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Pancreas Transplantation With Grafts From Donors Deceased After Circulatory Death: 5 Years Single-Center Experience

Kopp, W.H. MD1; Lam, H.D. MD1; Schaapherder, A.F.M. MD, PhD1; Huurman, V.A.L. MD, PhD1; van der Boog, P.J.M. MD, PhD2; de Koning, E.J.P. MD, PhD2; de Fijter, J.W. MD, PhD2; Baranski, AG. MD1; Braat, A.E. MD, PhD1

doi: 10.1097/TP.0000000000001940
Original Clinical Science—General

Background Donation after circulatory death (DCD) pancreas transplantation has been shown to be an additional way to deal with donor organ shortages. The results of 5-year DCD pancreas transplantation are presented.

Methods A retrospective, single-center analysis (2011-2015) was performed to compare the results of donation after brain death (DBD) to DCD pancreas transplantation.

Results During the study period, 104 pancreas transplantations (83 from DBD and 21 from DCD) were performed. Median Pancreas Donor Risk Index (PDRI) was 1.47, (DBD, 1.61 vs DCD, 1.35; P = 0.144). Without the factor DCD, PDRI from DCD donors was significantly lower (DBD, 1.61 vs DCD, 0.97; P < 0.001). Donor age was the only donor-related risk factor associated with pancreas graft survival (Hazard ratio, 1.06; P = 0.037). Postoperative bleeding and kidney delayed graft function occurred more frequently in recipients from DCD (P = 0.006). However, DCD pancreata had a lower incidence of thrombosis. Kidney and pancreas graft survival were equally good in both groups.

Conclusions Pancreas transplantation from DCD donors yields comparable results to DBD donors when PDRI of DCD is relatively low. Most DCD donors are younger donors with trauma as cause of death. These DCD pancreas grafts may be a better option to cope with increasing organ shortages than exploring the limits with older (and higher PDRI) DBD donors.

Pancreas transplantation from DCD donors yields comparable results to DBD donors when pancreas donor risk index of DCD are relatively low and these DCD pancreas grafts may be a better option than exploring the limits with older DBD donors.

1 Department of Surgery, Leiden University Medical Center, Leiden, the Netherlands.

2 Section of Nephrology, Department of Internal Medicine, Leiden University Medical Center, Leiden, the Netherlands.

Received 23 May 2017. Revision received 15 August 2017.

Accepted 18 August 2017.

The authors declare no funding or conflicts of interest.

W.H.K., H.D.L., A.F.S., and A.E.B. designed the study. W.H.K., P.J.M.B., E.J.P.K., and A.E.B. wrote the article. All authors participated in the collection of the data and critically revised the article.

Correspondence: Andries E. Braat, MD, PhD, Division of Transplantation, Department of Surgery, Albinusdreef 2, 2333 ZA, Leiden, The Netherlands. (a.e.braat@lumc.nl).

Pancreas transplantation from donation after brain death (DBD) has been steadily improving over the last decades with good long-term outcome in terms of patient and graft survival.1-3 Simultaneously, the number of patients and time on the waiting list increased in the Eurotransplant area.4,5 Unfortunately, suitable DBD organs matching this need remained stagnant.5 Pancreatic grafts from donation after circulatory death (DCD) have been shown to be suitable for transplantation and may provide an additional organ source.6-11

The first DCD pancreas transplantation in our center was performed in 2011.8 In 2015, 52% of all donor procedures in the Netherlands were DCD, and 9 (45%) of 20 pancreas transplantations at our institute were from DCD procedures.12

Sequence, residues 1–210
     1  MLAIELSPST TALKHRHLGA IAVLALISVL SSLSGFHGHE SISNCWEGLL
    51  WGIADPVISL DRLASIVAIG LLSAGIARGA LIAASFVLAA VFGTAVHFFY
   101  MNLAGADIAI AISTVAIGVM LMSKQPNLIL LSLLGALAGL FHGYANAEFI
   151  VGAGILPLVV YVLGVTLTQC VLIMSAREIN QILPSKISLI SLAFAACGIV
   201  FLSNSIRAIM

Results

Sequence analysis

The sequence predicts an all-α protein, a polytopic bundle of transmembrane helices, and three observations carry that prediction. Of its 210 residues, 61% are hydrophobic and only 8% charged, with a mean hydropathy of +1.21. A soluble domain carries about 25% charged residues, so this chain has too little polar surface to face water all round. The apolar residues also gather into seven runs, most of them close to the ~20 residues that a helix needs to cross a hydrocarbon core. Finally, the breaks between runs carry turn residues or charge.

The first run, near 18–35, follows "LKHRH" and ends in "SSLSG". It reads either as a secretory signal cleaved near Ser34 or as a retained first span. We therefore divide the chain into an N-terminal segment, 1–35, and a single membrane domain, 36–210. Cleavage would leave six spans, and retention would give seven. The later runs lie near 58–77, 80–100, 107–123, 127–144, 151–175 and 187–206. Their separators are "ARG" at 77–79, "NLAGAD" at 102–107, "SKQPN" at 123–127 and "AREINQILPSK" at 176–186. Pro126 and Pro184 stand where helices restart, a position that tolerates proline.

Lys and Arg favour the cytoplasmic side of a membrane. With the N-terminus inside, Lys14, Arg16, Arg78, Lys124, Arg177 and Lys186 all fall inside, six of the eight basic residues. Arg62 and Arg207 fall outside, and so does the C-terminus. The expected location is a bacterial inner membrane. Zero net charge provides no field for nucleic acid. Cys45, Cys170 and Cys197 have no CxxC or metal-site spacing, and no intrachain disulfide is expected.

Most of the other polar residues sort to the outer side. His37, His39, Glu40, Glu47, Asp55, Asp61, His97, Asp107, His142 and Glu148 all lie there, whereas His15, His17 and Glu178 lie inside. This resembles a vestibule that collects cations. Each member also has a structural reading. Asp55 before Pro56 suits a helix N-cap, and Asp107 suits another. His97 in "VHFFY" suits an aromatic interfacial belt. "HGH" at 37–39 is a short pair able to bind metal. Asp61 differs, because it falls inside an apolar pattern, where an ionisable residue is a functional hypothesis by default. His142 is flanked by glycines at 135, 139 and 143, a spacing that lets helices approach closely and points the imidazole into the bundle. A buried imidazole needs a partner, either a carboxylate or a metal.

The warm ischemic period during graft procurement is generally believed to inflict more ischemia reperfusion injury and subsequently postreperfusion graft pancreatitis and thrombosis. This makes transplant professionals reluctant to accept DCD grafts for transplantation. In general, peripancreatic infections occur in approximately 35% of all pancreas transplantations, but the question is whether these are all clinically significant.13,14 However, with careful DCD donor selection, the detrimental effects of warm ischemia on the allograft may be limited.

This study investigates whether the use of DCD pancreas donors is feasible when careful donor selection, indicated by the Pancreas Donor Risk Index (PDRI), is performed. More specifically, short-term outcome (90 days patient and graft survival and complications, specifically postreperfusion graft pancreatitis, peripancreatic infection, bleeding, graft thrombosis) were investigated.

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MATERIALS AND METHODS

All consecutive primary pancreas transplantations performed at Leiden University Medical Center from January 2011 until December 2015 were included in this study. Follow-up was collected until May 1, 2016. Standard simultaneous pancreas kidney (SPK) transplantations were performed using a midline incision. The kidney was first transplanted in the left iliac fossa, followed by the pancreas on the right anastomosed on the iliac artery and caval vein. Exocrine drainage was performed by duodenoenterostomy. All patients received alemtuzumab induction therapy (15 mg subcutaneous on both the day of the transplantation and first postoperative day). Standard maintenance immunosuppression consisted of tacrolimus (Prograft) (twice daily 5 mg based on trough levels 8-12 μg/L until 6 weeks, from then trough levels 5-10 μg/L) or cyclosporine (trough levels 150-200 μg/L until 6 weeks, from then trough levels 100-150 μg/L) combined with mycophenolate mofetil (twice daily 500 mg when tacrolimus was prescribed and twice daily 1000 mg when cyclosporine was prescribed), with or without addition of steroids. Standard anticoagulant therapy after pancreas transplantation consisted of subcutaneous low molecular weight heparin (nadroparin) 2850 IE twice daily. If indicated before transplantation, therapeutic doses were prescribed (eg, in case of atrial fibrillation or previous deep venous thrombosis or pulmonary embolisms).